There is some confusion about the historical sources and the scriptures regarding the term "Urim and Thummim."
Although D&C 10 and 17 currently mention the Urim and Thummim, the earliest versions of D&C 10 does not. (We don't have a pre-1835 version of D&C 17).
The reference to the Urim and Thummim was added sometime between 1832 and 1835 (when the first edition of the Doctrine and Covenants was published.)
For years, scholars thought it was W.W. Phelps who first applied the term to the interpreters in an 1833 article in the Evening and Morning Star (see below). That was common knowledge until a few years ago, before an earlier 1832 article in the Boston Investigator was discovered that reported a dialog with Mormon missionaries who explained the Urim and Thummim was used to translate the plates (see below). Now we know it was not Phelps who coined the term.
We still don't know when or how the missionaries learned about the Urim and Thummim. They may have invented or coined the term for the interpreters, but that would be out of character for both Orson and Samuel. More likely, they learned the term from Joseph Smith or Oliver Cowdery. There is only sketchy information from the early days of the Church, such as brief newspaper articles and later remembrances, so we have multiple working hypotheses.
Some historians recognize that Joseph may have made the change to D&C 10 to clarify the original revelations; i.e., the original revelation was clear to Joseph, but it would not be clear to others, particularly future readers who would not know about the context. It's easy for common knowledge to become lost when it is not recorded.
This rationale also explains why he and Oliver wrote the eight essays on Church history (published as Letters I - VIII in the 1834-5 Messenger and Advocate). In Letter I, published in October 1834, Oliver declared "Day after day I continued, uninterrupted, to write from his mouth, as he translated, with the Urim and Thummim, or, as the Nephites would have said, “Interpreters,” the history, or record, called “The book of Mormon.” (Messenger and Advocate I.1:14 ¶4)
These essays were essential to teach Church members an accurate account not only of the Urim and Thummim, but of other aspects of Church history and the Book of Mormon. The essays were based on facts to combat various rumors and misunderstandings that were circulating at the time.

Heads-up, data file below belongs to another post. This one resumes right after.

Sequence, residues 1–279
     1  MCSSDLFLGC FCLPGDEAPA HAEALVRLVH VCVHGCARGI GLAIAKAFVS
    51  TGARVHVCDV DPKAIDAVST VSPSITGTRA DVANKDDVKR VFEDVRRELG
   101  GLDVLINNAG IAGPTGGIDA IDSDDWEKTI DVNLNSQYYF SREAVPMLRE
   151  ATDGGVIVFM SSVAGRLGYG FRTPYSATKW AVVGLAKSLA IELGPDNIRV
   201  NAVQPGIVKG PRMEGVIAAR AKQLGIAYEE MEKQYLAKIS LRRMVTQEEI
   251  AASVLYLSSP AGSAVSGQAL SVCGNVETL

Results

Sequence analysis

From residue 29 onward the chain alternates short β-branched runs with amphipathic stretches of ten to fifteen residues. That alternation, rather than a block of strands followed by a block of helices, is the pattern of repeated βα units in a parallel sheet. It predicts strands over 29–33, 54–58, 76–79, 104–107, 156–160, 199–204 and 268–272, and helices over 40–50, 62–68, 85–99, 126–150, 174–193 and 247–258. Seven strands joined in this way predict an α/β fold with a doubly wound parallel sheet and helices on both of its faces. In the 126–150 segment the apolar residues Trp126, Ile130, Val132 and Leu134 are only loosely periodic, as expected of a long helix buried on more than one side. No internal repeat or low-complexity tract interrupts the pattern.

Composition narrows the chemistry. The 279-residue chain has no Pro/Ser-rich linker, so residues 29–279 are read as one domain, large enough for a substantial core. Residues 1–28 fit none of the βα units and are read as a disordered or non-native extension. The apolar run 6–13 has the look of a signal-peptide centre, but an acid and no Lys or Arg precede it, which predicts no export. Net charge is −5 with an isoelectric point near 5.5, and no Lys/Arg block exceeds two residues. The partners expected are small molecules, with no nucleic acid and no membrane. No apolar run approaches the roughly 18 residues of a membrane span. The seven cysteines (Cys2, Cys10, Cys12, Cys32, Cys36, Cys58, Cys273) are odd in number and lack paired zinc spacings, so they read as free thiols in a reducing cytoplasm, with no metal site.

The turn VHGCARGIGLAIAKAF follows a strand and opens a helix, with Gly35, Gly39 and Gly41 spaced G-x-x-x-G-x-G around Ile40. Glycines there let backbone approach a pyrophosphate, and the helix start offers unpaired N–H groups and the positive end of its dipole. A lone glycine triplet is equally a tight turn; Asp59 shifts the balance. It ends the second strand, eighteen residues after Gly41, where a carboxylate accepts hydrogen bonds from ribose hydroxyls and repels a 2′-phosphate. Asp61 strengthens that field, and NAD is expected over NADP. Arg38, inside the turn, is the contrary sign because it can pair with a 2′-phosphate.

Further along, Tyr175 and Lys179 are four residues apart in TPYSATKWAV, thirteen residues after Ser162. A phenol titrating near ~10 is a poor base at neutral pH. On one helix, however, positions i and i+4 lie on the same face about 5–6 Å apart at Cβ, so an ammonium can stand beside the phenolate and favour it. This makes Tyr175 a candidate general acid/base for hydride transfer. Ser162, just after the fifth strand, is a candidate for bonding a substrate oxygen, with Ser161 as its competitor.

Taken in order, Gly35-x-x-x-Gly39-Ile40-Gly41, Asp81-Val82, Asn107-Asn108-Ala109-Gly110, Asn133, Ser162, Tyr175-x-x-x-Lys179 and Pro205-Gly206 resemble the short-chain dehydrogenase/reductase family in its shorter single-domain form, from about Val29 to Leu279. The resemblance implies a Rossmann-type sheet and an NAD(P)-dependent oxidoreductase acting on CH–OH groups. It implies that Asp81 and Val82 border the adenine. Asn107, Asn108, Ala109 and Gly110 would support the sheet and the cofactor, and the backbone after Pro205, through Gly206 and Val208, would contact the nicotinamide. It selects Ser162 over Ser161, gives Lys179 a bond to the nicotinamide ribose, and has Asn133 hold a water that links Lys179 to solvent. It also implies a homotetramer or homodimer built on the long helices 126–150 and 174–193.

To make sure the essays were available to all the Latter-day Saints, Joseph approved their publication in the Gospel Reflector, gave them to his brother Don Carlos to republish in the 1841 Times and Seasons, and had them copied into his own journal as part of his life history, where you can read them in the Joseph Smith Papers here:
Parley P. Pratt republished them in the Millennial Star in England. Joseph's brother William republished them in The Prophet, a Mormon newspaper in New York City, in 1844. They were also published as a complete booklet in England that sold thousands of copies.
[Note: many current LDS scholars reject the content of these essays, assuming they know better than Joseph and Oliver did. Anyone can read the essays and make an informed decision about whether to believe the scholars or Joseph and Oliver.]
Some people may think that Moroni never used the term, but that Joseph (or someone else) applied the term "Urim and Thummim" later. It's impossible to know, given the few historical documents we have, but it makes sense that Moroni used the term and Joseph related it that way. He didn't use the term in his 1832 history, but that was a brief history anyway.
D&C 10 was originally Chapter IX in the Book of Commandments, as explained in the note in the Joseph Smith Papers:
Revelation, Harmony Township, Susquehanna Co., PA, [ca. Apr. 1829; though parts may date as early as summer 1828]. Featured version, titled “Chapter IX,” typeset [between 1 Nov. and 31 Dec. 1832] for Book of Commandments, 22–27. John Whitmer copied this revelation [ca. Mar. 1831] into Revelation Book 1, but the pages on which the first part of the revelation was copied were removed at some point from that volume and are no longer extant.1